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PI Original
by Ellyn Fortino
2:34pm
Thu Oct 27, 2016

White House Encourages States To Ban Non-Compete Agreements, Illinois Attorney General Agrees

The Obama administration is urging states to ban unnecessary non-compete agreements that can hinder wage growth and labor market competition. Illinois Attorney General Lisa Madigan, who has been active in the push to limit improper non-competes, commended the White House's call to action.

Quick Hit
by Ellyn Fortino
4:56pm
Mon Sep 12, 2016

Report: Paid Sick Time Beneficial To Workers And Businesses

As paid sick leave laws continue to gain traction across the United States, a recent report finds such policies to be a win-win for workers and their employers.

For its report, the Institute for Women's Policy Research (IWPR) examined over a dozen scholarly and policy research articles covering the health, economic and social benefits of paid sick time.

"Seeing the research brought together, from a range of disciplines, makes a striking case for universal access to paid sick days as a low-cost strategy for improving health and economic well-being," IWPR Vice President and Executive Director Barbara Gault said in a statement.

The think tank's analysis came shortly Chicago passed legislation mandating earned paid sick time and as commissioners in Cook County are set to vote on similar policy on October 5. Chicago was the 34th jurisdiction in the United States to guarantee paid sick days.

PI Original
by Ellyn Fortino
6:31pm
Tue Aug 2, 2016

Low-Wage Workers To Push For 'Inclusive Prosperity' At Fight for $15 National Convention

The first-ever nationwide Fight for $15 convention will be held next week in Richmond, Virginia. Low-wage workers will call attention to economic and racial justice issues, including "the enduring effects of slavery on black workers." Progress Illinois talked with a Chicago worker who plans to attend the two-day event.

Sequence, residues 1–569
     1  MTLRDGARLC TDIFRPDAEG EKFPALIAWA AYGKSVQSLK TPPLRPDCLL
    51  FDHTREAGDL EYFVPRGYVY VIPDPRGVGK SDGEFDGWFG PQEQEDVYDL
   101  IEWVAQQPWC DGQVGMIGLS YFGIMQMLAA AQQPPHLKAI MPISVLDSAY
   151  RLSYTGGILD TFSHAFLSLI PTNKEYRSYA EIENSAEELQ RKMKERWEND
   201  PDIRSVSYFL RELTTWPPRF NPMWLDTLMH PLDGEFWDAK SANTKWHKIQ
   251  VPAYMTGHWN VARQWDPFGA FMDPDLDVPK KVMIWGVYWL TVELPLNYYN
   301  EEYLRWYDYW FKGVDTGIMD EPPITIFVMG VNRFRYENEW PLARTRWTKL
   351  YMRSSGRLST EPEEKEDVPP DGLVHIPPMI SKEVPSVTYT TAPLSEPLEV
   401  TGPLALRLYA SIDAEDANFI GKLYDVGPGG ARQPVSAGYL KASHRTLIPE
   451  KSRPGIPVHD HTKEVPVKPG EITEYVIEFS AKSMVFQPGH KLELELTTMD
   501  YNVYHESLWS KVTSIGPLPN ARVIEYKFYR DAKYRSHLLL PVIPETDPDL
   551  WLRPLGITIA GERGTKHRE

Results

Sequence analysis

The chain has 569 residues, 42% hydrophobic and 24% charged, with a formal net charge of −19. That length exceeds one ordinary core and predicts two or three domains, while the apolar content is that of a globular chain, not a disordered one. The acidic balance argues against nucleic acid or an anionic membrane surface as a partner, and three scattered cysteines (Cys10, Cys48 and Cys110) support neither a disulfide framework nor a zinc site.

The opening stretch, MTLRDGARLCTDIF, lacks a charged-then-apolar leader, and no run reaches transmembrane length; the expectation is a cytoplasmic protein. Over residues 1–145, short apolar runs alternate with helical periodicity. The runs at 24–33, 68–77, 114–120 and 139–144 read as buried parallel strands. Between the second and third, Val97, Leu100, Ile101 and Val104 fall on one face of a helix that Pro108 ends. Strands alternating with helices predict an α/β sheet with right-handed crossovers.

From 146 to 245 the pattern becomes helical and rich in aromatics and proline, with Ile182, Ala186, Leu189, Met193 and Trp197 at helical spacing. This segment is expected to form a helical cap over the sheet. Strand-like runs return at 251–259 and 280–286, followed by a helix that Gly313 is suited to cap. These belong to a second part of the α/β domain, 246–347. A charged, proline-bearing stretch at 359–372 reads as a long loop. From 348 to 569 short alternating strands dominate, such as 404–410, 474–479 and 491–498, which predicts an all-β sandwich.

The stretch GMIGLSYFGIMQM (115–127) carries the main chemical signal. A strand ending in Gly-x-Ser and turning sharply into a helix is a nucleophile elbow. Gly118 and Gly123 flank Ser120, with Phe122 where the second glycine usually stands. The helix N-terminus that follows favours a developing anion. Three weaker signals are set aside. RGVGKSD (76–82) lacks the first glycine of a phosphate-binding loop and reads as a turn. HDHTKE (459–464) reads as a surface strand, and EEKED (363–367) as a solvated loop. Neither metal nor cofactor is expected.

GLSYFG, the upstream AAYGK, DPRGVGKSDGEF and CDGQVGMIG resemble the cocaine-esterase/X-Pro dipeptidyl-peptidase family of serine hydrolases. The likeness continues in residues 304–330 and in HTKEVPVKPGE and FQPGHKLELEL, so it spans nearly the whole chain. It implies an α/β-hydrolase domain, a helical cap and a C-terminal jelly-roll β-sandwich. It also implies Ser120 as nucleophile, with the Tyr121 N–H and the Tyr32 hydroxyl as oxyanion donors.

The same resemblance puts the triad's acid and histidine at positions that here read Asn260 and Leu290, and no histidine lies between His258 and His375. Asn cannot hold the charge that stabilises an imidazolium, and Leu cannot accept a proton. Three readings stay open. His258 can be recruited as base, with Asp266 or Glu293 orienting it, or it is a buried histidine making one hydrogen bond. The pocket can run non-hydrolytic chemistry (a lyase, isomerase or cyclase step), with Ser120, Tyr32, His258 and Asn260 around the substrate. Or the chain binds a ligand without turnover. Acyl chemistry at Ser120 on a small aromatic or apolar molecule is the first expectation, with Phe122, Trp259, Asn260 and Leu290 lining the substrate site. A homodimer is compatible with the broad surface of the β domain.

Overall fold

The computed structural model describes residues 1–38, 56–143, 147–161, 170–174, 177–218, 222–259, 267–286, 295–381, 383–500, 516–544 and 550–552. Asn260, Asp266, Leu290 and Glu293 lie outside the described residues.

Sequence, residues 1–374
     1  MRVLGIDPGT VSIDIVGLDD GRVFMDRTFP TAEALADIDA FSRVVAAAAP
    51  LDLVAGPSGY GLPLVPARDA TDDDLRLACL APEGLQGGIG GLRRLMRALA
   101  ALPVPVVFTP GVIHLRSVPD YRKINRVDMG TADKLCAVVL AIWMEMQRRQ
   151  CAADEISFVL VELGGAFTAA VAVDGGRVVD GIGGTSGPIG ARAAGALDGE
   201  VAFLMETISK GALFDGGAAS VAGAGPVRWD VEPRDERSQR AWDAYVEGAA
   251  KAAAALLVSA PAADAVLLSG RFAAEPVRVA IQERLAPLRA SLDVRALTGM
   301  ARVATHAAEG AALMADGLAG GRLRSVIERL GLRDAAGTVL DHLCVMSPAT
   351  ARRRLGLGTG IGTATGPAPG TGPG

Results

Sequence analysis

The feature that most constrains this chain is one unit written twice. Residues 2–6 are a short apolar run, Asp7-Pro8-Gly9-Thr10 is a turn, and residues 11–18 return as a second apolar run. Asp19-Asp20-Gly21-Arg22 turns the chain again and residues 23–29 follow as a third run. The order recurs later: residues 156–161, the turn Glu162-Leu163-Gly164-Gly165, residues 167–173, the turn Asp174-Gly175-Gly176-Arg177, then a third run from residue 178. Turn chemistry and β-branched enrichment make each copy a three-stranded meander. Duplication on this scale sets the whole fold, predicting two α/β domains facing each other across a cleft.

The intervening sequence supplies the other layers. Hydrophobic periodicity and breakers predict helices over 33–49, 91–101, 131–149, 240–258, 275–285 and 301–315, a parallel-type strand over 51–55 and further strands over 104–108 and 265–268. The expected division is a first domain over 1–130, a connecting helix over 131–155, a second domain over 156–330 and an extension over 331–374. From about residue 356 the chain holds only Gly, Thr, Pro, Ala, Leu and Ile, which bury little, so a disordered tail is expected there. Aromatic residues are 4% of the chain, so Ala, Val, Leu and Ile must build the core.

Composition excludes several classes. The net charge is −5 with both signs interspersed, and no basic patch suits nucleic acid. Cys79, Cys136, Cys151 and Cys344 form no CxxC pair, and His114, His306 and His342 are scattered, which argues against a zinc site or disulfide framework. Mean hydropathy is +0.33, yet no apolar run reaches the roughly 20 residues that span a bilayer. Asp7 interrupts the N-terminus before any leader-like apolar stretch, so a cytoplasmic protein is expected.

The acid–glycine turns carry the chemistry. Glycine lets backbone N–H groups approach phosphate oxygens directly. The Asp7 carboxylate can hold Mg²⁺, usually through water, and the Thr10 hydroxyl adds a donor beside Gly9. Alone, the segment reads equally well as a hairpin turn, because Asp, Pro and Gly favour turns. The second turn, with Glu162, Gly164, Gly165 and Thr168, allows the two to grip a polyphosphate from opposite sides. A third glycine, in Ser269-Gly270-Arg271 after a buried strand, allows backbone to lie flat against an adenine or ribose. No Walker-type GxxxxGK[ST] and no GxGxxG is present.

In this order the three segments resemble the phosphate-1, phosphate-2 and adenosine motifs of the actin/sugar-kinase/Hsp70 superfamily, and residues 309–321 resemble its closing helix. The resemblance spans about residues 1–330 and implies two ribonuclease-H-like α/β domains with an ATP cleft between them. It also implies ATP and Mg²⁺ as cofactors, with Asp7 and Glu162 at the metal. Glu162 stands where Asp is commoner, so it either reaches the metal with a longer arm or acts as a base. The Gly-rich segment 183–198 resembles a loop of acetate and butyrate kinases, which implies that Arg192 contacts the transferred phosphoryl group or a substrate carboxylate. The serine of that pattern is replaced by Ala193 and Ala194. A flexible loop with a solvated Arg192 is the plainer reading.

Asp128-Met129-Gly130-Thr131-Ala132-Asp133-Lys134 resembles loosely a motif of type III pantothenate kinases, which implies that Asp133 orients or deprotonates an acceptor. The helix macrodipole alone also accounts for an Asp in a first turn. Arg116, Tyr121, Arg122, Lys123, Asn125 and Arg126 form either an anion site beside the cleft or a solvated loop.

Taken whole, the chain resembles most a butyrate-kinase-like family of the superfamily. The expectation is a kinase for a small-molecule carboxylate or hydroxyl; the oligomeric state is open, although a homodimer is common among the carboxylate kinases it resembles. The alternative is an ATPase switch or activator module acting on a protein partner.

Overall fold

Quick Hit
by Ellyn Fortino
12:12pm
Fri Jun 17, 2016

Former Old Country Buffet Workers Sue Over Sudden Layoffs At Chicago Restaurant

Former workers of a now-closed Old Country Buffet in Chicago are suing for back pay compensation after the restaurant abruptly shut down in early March.

Four former employees of the shuttered Old Country Buffet, located at 6125 N. Lincoln Ave., filed a federal lawsuit in April against the restaurant's operator, Texas-based Food Management Partners.

The lawsuit, which seeks class-action status, alleges the company failed to notify employees about the layoffs 60 days before closing the restaurant on March 7. Under the federal Worker Adjustment and Retraining Notification (WARN) Act, a 60-day layoff notice is required when a business closing will result in the loss of 50 or more job positions that required more than 20 hours a week. 

At the now-closed Old Country Buffet on Lincoln Avenue, there were 57 employees who worked more than 20 hours a week, according to the lawsuit.  

"A number of the people who worked there were employed for over ten years," said Carolyn Morales with Arise Chicago, a worker center assisting the laid off Old Country Buffet workers. "This is not high school students' part-time job. This is people's profession."

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